No matter if you are currently transitioning from relaxed hair to curls, discovering that your curls become waves when they grow past your shoulders, or have been coily and proud of it for decades, you know what it feels like to find your one true love: the “This one is my favorite” product.
You’ve told your friends, your mom, your play-aunties, and your coworkers about this life-saving oil, shampoo, butter cream… whatever it is, you announced your relationship with this favorite to the world because you don’t care who knows how much you’re all about your curly hair bae.
TFW you come to slay (thanks to your fav product”>. Image via GIPHY.
Then, one day… just like that… your bae, your everything you’ve ever wanted in a curly hair product fails you.
It leaves your curls high and dry. You consider collecting your broken hearted tears in an almost empty tub of the fav so you can attempt to mix its remnants with the hopes of it working again. Well, I hate to be the bearer of bad news, but you saw it coming: True love’s kiss and tears aren’t gonna work when your product up and dies on you.
But it is fair to wonder:
We had a good thing going on… WTH HAPPENED?
Well, curl friend you’ve just hit a product plateau. Why? Just like porosity is a major factor when purchasing products, hair width will impact the type of products you need throughout the course of the hair growth cycle and how you practice general curl maintenance. For instance, if you’re over-applying your fav moisturizer on type 3 ringlets, it might be because you do not know your curls are fine and cannot handle too much moisture. Or if you are using defining gel on your type 4 coils, and end up with mega crunchy hair at the day’s end, you may need to use a cream-based gel to keep your coarse coils moisturized.
There are many possibilities, but let’s start with learning about what hair width means to you.
First of all, hair width is the key determinant when texture typing. The width, or thickness, of your hair strands, determines whether you have fine, medium, or coarse curls. Because I know that you want to determine your hair width right, or to see if you’ve been on the right path all along, I sourced NaturallyCurly to help you:
To find your hair width, take a piece of your hair from a brush or comb and hold it up to the light. If the hair is very wide and easily visible, then you have coarse hair. If it’s so thin that you can hardly see it, you have fine hair. If your hair appears neither thin nor coarse, you have medium width hair. –NaturallyCurly.com
Now that you know what your curls are working with, let’s take a look at what width means for your next product shopping trip!
Because these hair strands have the smallest circumference of the texture types (meaning that when held up to the light, you can barely see it”>, fine hair is prone to all kinds of damage. This makes length difficult to achieve and maintain. No need to worry, though! Apply a deep conditioner to your curls post-wash. I recommend ApHogee Curlific! Texture Treatment and The Mane Choice Green Tea & Carrot Deep Strengthening & Restorative Mask Treatment for fine hair. And don’t use too much or too often; let those curls breathe!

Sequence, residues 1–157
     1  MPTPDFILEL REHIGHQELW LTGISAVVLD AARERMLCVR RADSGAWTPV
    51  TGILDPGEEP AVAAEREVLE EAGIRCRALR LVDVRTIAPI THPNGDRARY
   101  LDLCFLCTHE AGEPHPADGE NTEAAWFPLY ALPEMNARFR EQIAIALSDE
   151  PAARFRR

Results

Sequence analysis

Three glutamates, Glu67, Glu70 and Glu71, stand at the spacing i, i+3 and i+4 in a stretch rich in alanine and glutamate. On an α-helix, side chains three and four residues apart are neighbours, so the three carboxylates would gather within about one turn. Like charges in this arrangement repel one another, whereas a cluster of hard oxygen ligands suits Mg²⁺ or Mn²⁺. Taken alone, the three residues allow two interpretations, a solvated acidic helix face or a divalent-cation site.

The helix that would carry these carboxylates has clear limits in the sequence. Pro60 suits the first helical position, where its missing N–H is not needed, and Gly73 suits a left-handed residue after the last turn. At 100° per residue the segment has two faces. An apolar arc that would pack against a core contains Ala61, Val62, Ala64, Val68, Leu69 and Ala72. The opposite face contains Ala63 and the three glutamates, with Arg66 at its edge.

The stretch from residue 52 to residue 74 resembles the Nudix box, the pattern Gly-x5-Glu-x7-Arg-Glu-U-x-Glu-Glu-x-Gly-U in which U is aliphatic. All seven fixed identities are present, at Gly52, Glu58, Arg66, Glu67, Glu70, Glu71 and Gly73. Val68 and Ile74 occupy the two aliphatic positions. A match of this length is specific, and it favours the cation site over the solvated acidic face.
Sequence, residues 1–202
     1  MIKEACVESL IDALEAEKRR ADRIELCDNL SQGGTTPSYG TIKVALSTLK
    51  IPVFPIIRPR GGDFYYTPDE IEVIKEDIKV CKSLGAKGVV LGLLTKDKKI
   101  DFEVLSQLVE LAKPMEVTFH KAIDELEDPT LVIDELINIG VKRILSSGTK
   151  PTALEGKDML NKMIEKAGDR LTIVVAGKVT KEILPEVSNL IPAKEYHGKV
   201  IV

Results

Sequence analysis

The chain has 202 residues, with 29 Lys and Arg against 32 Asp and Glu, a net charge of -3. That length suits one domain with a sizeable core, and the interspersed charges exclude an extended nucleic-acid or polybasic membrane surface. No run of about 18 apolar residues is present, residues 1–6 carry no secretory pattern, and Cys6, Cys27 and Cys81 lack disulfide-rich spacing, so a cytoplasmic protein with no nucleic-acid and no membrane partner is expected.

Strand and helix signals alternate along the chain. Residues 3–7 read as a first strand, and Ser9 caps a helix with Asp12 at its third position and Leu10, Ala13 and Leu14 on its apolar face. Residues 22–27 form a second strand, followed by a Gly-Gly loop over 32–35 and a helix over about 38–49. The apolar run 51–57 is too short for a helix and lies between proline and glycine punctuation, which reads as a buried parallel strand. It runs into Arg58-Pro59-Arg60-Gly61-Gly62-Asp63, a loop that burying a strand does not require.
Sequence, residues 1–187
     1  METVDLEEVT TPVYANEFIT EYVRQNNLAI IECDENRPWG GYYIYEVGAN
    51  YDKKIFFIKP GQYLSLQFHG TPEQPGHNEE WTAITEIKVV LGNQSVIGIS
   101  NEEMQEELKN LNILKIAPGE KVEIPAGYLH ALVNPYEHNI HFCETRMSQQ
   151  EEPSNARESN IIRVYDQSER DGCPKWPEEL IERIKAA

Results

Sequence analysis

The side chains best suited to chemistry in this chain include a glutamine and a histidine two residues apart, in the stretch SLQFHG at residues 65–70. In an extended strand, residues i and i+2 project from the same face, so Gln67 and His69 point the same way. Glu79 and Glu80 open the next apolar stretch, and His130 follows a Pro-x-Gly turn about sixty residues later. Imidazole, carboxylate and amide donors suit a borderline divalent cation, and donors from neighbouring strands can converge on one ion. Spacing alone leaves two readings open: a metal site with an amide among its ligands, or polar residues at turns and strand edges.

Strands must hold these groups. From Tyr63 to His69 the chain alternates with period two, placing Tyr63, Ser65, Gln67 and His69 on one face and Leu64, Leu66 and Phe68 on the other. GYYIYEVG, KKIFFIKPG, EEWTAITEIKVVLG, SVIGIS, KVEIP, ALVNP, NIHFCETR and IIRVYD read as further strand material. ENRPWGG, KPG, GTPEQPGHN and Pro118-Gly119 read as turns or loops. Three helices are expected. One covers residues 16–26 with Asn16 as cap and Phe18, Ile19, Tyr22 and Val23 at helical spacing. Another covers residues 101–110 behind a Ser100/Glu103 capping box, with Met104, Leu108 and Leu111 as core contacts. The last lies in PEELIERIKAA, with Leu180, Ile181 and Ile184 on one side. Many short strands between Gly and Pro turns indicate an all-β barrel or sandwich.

Yes, you do have the best of both worlds. Your curls are bouncy, strong, and capable to retaining length. Lucky you, boo! Keep your curls is top shape with leave-in conditioners that help prevent damage. Some of the best I’ve seen and used include SheaMoisture Raw Shea Butter Extra-Moisture Detangler and Mielle Organics White Peony Leave-In Conditioner (which is also great to spray on protective styles“>.
Got wide hair strands? Congrats! You have super strong texture, and will be able to retain length as your curly hair grows. You will need to apply heavy products to your hair. According to NaturallyCurly Editor Amanda N., “When using products that are too light, you might not be able to retain moisture for an extended period of time. If you are applying moisturizer every day, then you may want to consider using thicker products that you will have to apply less frequently.” For general maintenance, I recommend hair butters and creams like Sunny Isle Jamaican Black Castor Oil Natural Curly Styling Custard or Aunt Jackie’s Curls & Coils Curl La La Defining Curl Custard to help you get the moisture you need.
Thank you all for responding to all my CURLS 101 polls, commenting on the editorials and Facebook! I am eager to give you more CURLS 101 articles that address your hair texture and curl pattern concerns.
Here are just a few of the editorials you have inspired:
- Understanding the Curly Hair Growth Cycle
- Does Hair Cuticle Behavior Impact Product Efficacy?
- Why Hair Density Matters when Texture Typing
As you can see, I take your insights seriously. So, tell me: